Beauticians, hairdressers and tattooists in England have welcomed the news they will be allowed to reopen in April, but fear many businesses may not survive without support from the Treasury.
Boris Johnson said in Parliament on Monday afternoon that personal care services would be included in the second phase of the road map out of lockdown, and could open up from April 12.
But a consortium of industry bodies is calling for a £500 million recovery fund, pointing out the reopening date could well be pushed back.
The current date is dependent on the vaccination programme going to plan, a reduction in hospital admissions and deaths, a low rate of infection and new variants being kept under control.
Organisations including the British Beauty Council are also calling for a cut to VAT to just 5% to help salons get back on their feet.
It is joined by the National Hair and Beauty Federation (NHBF), the British Association of Beauty Therapists and Cosmetologists (BABTAC) and the UK Spa Association.
Millie Kendall, chief executive of the British Beauty Council, said: “For businesses to reopen they need money.
“Around two-thirds of our salons have run out of cash reserves and are in debt, while half of our business owners have been forced to use up their personal savings over the past few months.”
According to the British Beauty Council, full time employment in the beauty industry is down 21% on 2019 levels.
It added that many businesses incurred significant costs trying to comply with Covid-19 regulations when lockdown was eased last summer.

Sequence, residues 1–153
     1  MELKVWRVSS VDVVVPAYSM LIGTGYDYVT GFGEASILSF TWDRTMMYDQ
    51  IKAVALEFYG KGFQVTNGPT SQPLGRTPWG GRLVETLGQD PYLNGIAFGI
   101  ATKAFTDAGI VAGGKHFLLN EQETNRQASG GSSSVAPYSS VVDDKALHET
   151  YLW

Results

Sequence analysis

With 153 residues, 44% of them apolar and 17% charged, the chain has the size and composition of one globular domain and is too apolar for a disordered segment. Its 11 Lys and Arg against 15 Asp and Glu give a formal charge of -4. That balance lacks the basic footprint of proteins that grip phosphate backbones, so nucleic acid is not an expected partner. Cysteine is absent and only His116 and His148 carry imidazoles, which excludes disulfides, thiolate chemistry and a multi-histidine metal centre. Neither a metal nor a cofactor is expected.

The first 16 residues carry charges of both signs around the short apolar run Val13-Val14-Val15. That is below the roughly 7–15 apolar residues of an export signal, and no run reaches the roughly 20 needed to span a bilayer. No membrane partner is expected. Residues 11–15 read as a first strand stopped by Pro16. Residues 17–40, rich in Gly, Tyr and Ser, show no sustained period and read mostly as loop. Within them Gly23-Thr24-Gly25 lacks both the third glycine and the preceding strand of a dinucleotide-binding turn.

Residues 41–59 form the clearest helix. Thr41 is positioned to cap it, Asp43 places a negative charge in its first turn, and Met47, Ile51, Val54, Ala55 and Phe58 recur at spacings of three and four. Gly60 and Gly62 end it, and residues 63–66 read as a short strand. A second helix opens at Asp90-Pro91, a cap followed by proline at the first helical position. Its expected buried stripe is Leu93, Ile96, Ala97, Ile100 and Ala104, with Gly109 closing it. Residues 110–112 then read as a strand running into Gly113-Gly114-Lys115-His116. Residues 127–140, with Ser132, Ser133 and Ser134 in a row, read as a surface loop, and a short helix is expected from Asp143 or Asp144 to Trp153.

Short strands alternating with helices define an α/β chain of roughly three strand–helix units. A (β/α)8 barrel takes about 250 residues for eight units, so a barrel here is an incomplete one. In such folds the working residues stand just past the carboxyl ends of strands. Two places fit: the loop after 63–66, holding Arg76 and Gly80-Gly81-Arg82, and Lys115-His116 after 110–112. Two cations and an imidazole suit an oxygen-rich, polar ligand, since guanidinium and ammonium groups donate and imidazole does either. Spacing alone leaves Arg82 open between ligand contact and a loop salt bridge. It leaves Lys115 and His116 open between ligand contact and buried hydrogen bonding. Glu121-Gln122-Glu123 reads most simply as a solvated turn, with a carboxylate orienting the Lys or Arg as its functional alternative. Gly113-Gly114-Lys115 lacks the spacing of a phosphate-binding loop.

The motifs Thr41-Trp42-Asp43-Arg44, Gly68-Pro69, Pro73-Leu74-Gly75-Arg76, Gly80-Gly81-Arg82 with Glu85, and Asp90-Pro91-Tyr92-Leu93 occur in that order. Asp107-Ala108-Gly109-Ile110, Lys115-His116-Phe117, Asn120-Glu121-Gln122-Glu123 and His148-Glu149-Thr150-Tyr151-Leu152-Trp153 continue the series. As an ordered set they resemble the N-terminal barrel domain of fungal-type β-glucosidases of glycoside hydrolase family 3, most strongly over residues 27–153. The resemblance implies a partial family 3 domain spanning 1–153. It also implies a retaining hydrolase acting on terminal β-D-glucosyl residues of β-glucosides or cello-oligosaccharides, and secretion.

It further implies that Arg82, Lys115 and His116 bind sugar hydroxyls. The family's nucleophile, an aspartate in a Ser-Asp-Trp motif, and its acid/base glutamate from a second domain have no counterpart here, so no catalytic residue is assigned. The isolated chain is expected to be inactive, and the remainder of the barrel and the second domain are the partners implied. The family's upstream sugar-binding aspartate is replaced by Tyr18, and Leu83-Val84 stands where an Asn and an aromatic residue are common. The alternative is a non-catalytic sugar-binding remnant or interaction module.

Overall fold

Ms Kendall said: “Without Government financial support, many salons will simply not be able to reopen and many will be forced to stay shut.”
In its 60-page strategy for the lifting of lockdown, the Government noted that the beauty and personal industry was worth £21.1 billion to the UK economy in 2019 – almost as much as pubs.
The sector accounted for 566,000 jobs, 85% of which were held by women.
According to data provided by NHBF, there are a higher proportion of personal care business than any other sector in the most deprived areas of the UK.
Richard Lambert, NHBF chief executive, warned: “April 12 is still seven more weeks without being able to trade, but still having to pay the overheads.
“So we still need a specific grant to support our sector through the immediate cash flow crisis to the point where we can re-open.”
Mr Lambert also noted saunas and steam rooms will not be included in the April 12 reopening.
Elsewhere, Chic Child, president of the Tattoo and Piercing Industry Union (TPIU), told the PA news agency he had thought that tattoo studios were unlikely to be allowed to reopen before May.
He said he expected most businesses to scrape through the next seven weeks.
“By and large people are clinging on by the finger nails and looking forward to getting back to work because we know we are going to be busy,” he said.
Mr Child did not expect tattoo artists and piercists to be included in any bailout aimed at the wider beauty industry, but said the union has a meeting set up with the Department of Business, Energy and Industrial Strategy.
He said that the tattoo and piercing industry has historically been ignored by policy makers because it is smaller than the hair and beauty sector.
Mr Child, 62, who runs his own tattoo and piercing studio in Horley, Surrey, said he would “absolutely” feel safe returning to work.
“The thing no one seems to have taken into consideration with the tattoo and piercing industry is that we are very knowledgeable about cross contamination and caring for our environment,” he said.
“We have always used the PPE that is now being used by everyone else – the only thing we have had to add is face masks and visors.”
He added: “Essentially we have run along the same sterilisation processes as dentists and a lot of (equipment) is single use – on the whole 90% of the stuff we use is disposable.”
But Mr Child said that for the time being, his studio would continue to limit bookings in order to reduce the risk of Covid-19 infection.
The TPIU is also considering drawing up guidelines for regular Covid-19 testing for all its members, he said.